Yes, it’s the simple law of supply and demand, but it illustrates how our addiction to short-term profit may be killing any hope for long-term, sustainable growth and profitability of the domestic vehicle industry.

    • 0 avatar

      I’m guessing you weren’t buying cars during the Voluntary Restriction Agreements era. I can remember Japanese car dealers adding things like $150 pinstriping jobs and $800 sunroofs as mandatory dealer options to their dealer stock. Back in the early 80’s, if you wanted a new Tercel (or other cars, my brother bought a Mitsubishi Colt for $800 over dealer list in 1980), that’s what it was going to take to get one.
      What makes you think that Japanese dealers won’t get out their long knives, especially when there’s BIG money to be made?

    • 0 avatar

      Oh, yes, I was buying cars back then. And you’re right, the Japanese dealers were gouging customers right and left.
      But there is a huge difference between the Japanese dealers of the 1980s and the domestic dealers of the 2010s: Japanese cars back then were in short supply AND of perceived higher quality; domestic vehicles in my hypothetical scenario would be in short supply, but not of perceived higher quality. In other words, buyers would choose the domestic product as a substitute – because there are limited choices. Unless these buyers are treated well, there’s little or no chance they will return. It doesn’t do our domestic industry any favors.

  • avatar

    No more instant gratification… upto recently (last 30 years), it was normal to wait for something if you wanted it. The Mercedes S123 had a two year waiting list in the early 1980s I believe.
    I predict those who want a Japanese or European car will not “buy American” simply because they cannot get their car tomorrow – they will learn to wait a few months.

  • avatar

    Bertel – I would love to see a post about that parts crisis as it applies specifically to the domestic automakers, I’ve heard only whats been in the MSM (Chevy Colorado plant shutting, Ford paint problems) but I’m really wondering if U.S. manufacturers will come out as ‘winners’ in this crisis, or if everyone loses. Any information that you or the B&B might have on specific U.S. part supply problems beyond mere speculation would be of great interest.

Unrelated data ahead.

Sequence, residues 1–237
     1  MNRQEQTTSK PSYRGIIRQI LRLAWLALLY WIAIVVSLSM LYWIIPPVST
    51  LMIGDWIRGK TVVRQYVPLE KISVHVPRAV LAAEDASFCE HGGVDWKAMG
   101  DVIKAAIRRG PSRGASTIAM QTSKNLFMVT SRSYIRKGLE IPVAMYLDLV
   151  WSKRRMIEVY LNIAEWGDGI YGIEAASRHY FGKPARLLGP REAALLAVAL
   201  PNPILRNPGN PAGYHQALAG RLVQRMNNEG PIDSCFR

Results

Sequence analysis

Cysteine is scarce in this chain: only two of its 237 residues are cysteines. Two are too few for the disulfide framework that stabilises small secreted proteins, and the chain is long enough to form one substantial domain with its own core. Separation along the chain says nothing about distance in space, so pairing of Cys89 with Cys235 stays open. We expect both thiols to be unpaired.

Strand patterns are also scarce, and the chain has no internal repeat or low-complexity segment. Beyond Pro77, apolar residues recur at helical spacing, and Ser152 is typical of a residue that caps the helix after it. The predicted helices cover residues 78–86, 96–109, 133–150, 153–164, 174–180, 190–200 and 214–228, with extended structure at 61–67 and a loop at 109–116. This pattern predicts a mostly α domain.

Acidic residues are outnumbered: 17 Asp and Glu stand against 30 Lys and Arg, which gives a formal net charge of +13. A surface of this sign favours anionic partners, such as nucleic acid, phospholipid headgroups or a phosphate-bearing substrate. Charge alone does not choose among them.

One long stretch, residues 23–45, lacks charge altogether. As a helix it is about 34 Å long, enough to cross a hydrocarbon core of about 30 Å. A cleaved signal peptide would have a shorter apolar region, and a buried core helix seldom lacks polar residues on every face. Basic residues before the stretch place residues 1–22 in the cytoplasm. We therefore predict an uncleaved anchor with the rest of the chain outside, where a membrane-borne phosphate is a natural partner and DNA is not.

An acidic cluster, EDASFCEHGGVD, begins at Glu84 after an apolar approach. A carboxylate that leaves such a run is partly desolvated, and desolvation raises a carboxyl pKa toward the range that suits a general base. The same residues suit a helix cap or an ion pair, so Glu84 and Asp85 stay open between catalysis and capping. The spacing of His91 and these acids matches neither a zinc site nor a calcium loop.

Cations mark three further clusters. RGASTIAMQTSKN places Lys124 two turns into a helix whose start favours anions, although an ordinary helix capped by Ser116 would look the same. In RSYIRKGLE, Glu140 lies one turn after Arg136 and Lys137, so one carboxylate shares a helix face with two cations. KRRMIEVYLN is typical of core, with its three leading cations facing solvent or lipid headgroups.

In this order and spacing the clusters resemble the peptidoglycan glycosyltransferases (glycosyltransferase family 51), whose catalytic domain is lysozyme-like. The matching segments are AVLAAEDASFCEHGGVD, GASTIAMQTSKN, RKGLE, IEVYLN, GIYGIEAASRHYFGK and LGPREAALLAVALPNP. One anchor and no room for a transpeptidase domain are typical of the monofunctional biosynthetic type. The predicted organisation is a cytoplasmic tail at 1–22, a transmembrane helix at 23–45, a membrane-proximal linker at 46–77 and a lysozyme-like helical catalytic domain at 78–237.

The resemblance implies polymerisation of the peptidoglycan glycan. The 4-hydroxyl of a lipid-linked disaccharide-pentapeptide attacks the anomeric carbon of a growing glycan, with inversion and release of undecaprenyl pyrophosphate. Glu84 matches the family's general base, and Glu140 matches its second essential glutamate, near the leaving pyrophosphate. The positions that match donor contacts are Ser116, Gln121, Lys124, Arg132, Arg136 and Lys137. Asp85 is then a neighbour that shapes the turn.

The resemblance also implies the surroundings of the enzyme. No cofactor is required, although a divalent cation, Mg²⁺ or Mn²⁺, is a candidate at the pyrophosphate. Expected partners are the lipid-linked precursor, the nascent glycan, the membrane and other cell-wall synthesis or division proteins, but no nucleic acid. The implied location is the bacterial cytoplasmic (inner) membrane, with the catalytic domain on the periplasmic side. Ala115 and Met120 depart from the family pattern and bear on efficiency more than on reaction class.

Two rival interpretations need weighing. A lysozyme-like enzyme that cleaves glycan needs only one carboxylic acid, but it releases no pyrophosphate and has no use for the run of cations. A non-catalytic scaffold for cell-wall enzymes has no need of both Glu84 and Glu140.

• 0 avatar

      I don’t know. All I know has been written here. Whenever I find out more, it will be written here. If even the Japanese manufacturers have no clear picture, how should I? Currently, the Japanese have visibility as far as the tier 1 suppliers go. Further on, no idea. There are small machine shops in Japan that deliver a high precision part to a tier 2 supplier who supplies a tier 1 supplier. The machine shop could be at the bottom of the sea. If Japan doesn’t know how many people have died (currently, they know 10,000 for sure and 16,000 “missing”) how should they know which widget will go missing?
      Any hard and reliable information won’t be found on a free site. It would be worth my considerable weight in gold.

      All I know is that the parts paralysis will be like the flu. Indiscriminate, widespread, causing sniffles to some, death to others, will affect the frail more than the robust, could turn into a pandemic or just into a spike of sales of NyQuil.

      What is telling is that the first to get hit in the U.S. was a domestic manufacturer. Who would have thought that red and black paint becomes scarce? Prepare to be surprised.